This was the third event in the fall 2022 environmental forum series; the last, on December 13, “Tips for a Green Holiday,” will include hands-on advice on making and receiving gifts sustainably, open to all in Sykes Union, 110 West Rosedale Ave., West Chester.

Fern Hill Reservoir in West Goshen contributes to the environment as well as serving as a reserve supply of usable water

Chester County Climate: Plans and Progress

Tuesday, September 20, 7:00 – 8:30pm. Hear full audio recording of this very interesting panel here. See full description below flyer image. Download flyer here.

An already prominent leader in climate activism, Chester County is rooting itself deeper as one of the most prominent counties for sustainability in Pennsylvania. On the evening of September 20th, the West Chester Green Team hosted a climate-themed panel to debate over some recent policies put forth in Chester County and beyond. The event was suitably held in West Chester University’s new Science and Engineering Building, which is being used as the main focal point for the school’s prioritization of sustainability.

The panel featured many of the prominent figures in Chester County’s sustainability sector, including Bradley Flamm, West Chester University’s Director of Sustainability, and Josh Maxwell, Vice Chair on the Chester County Board of Commissioners. Rachael Griffith, Chester County Planning Commission Sustainability Director, Courtney Finneran, Water Resource Project Manager, Gillian Alicea, Chair West Chester Borough Sustainability Advisory Committee, and Dr. Dorothy Ives-Dewey, Associate Dean of the College of Business and Public Management and Professor of Planning at West Chester University were also panelists. Together the five panelists presented a variety of views on upcoming climate “hot topics,” and not only reached into areas of sustainability, but land use, transportation, and other related issues.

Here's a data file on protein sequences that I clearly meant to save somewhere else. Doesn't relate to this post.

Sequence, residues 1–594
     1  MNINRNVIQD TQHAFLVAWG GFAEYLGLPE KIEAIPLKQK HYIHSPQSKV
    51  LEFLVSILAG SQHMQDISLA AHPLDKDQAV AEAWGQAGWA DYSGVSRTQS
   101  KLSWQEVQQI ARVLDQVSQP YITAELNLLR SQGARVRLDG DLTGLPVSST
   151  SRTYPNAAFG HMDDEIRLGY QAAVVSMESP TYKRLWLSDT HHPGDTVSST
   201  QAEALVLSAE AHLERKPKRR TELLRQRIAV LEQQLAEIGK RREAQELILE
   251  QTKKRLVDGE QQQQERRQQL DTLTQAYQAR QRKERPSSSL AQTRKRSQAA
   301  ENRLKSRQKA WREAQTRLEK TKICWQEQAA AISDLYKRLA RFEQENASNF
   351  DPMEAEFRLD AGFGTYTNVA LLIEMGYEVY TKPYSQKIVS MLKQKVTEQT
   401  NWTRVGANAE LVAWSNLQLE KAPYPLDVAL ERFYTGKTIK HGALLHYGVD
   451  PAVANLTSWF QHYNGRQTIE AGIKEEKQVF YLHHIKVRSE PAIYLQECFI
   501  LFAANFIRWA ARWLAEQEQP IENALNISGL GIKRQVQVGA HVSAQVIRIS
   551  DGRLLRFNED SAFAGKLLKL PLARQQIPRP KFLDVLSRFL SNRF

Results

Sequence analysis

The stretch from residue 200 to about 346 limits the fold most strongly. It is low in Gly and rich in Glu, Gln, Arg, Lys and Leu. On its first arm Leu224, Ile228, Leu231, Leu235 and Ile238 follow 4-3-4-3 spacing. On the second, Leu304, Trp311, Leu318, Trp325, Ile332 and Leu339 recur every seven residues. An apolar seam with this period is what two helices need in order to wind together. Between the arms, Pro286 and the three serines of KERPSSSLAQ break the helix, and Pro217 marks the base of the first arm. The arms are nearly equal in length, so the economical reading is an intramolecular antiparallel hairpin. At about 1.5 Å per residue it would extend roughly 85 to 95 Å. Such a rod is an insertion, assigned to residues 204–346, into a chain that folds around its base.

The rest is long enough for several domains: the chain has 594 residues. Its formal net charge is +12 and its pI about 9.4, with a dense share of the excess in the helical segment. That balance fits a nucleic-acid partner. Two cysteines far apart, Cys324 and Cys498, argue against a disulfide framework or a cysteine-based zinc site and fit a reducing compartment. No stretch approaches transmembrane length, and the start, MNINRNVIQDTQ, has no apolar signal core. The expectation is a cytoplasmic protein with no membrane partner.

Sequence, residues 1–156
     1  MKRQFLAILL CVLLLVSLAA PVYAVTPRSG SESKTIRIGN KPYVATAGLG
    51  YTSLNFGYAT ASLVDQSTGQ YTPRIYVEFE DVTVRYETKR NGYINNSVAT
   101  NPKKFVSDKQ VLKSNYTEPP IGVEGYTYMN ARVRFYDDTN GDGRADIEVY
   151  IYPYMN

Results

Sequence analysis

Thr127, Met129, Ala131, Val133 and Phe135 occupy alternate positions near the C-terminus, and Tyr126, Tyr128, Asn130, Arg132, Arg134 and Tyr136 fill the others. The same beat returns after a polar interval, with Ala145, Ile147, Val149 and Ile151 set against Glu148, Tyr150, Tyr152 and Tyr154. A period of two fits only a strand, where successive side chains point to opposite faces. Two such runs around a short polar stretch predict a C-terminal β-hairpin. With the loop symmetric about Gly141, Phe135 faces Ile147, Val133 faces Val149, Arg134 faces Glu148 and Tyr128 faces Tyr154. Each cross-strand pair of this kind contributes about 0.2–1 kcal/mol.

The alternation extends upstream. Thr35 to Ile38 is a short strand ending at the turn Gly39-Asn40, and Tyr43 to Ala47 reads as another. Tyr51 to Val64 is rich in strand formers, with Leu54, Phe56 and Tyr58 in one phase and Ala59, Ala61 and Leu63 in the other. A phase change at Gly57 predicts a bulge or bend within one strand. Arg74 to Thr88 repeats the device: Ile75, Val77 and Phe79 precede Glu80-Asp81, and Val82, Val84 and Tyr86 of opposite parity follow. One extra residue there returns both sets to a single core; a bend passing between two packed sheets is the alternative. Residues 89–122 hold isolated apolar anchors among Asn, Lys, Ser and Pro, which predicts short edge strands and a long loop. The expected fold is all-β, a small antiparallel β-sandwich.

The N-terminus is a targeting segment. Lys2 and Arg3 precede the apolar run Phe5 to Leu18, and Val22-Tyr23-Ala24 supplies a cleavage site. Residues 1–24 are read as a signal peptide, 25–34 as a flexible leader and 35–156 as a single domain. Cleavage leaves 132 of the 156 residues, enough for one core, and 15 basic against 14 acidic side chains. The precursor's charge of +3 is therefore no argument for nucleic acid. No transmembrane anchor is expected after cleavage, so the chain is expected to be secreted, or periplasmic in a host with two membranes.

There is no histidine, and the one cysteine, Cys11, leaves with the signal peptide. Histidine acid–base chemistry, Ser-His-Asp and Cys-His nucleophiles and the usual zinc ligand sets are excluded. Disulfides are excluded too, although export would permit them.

Rachel Griffith, a main developer of Chester County’s Climate Action Plan, spoke in detail about the process and future of the plan for the County. She emphasized that “the scale of the challenge [in climate change] is much bigger than county government can solve alone, and that if we are to be successful in our bold goal of an 80% reduction in greenhouse gas emissions by 2050, it’s going to take the buy-in and action from every sector.” (A link can be found to the Action Plan here). Other members commented as well and were sure to add on how climate change affects every part of the County—and how work must be done in unison to make steps forward.

After the panelists concluded their presentations, the moderator turned to the audience for questions and feedback. One member, Tom Walsh, spoke about the importance of learning from the past. He mentioned how Chester County used to be an industrial centerpiece in PA, but is now a major representative for sustainability

The West Chester Green Team was happy to see the event be presented in the Daily Local, and gain further traction in the West Chester community.

This series of forums is offered in memory of Graham R. Hudgings (1970-2017).

A picture from the forum, including Amy Cuthbertson, who graciously filmed the event

Art and plants, Aug. 27, WC History Center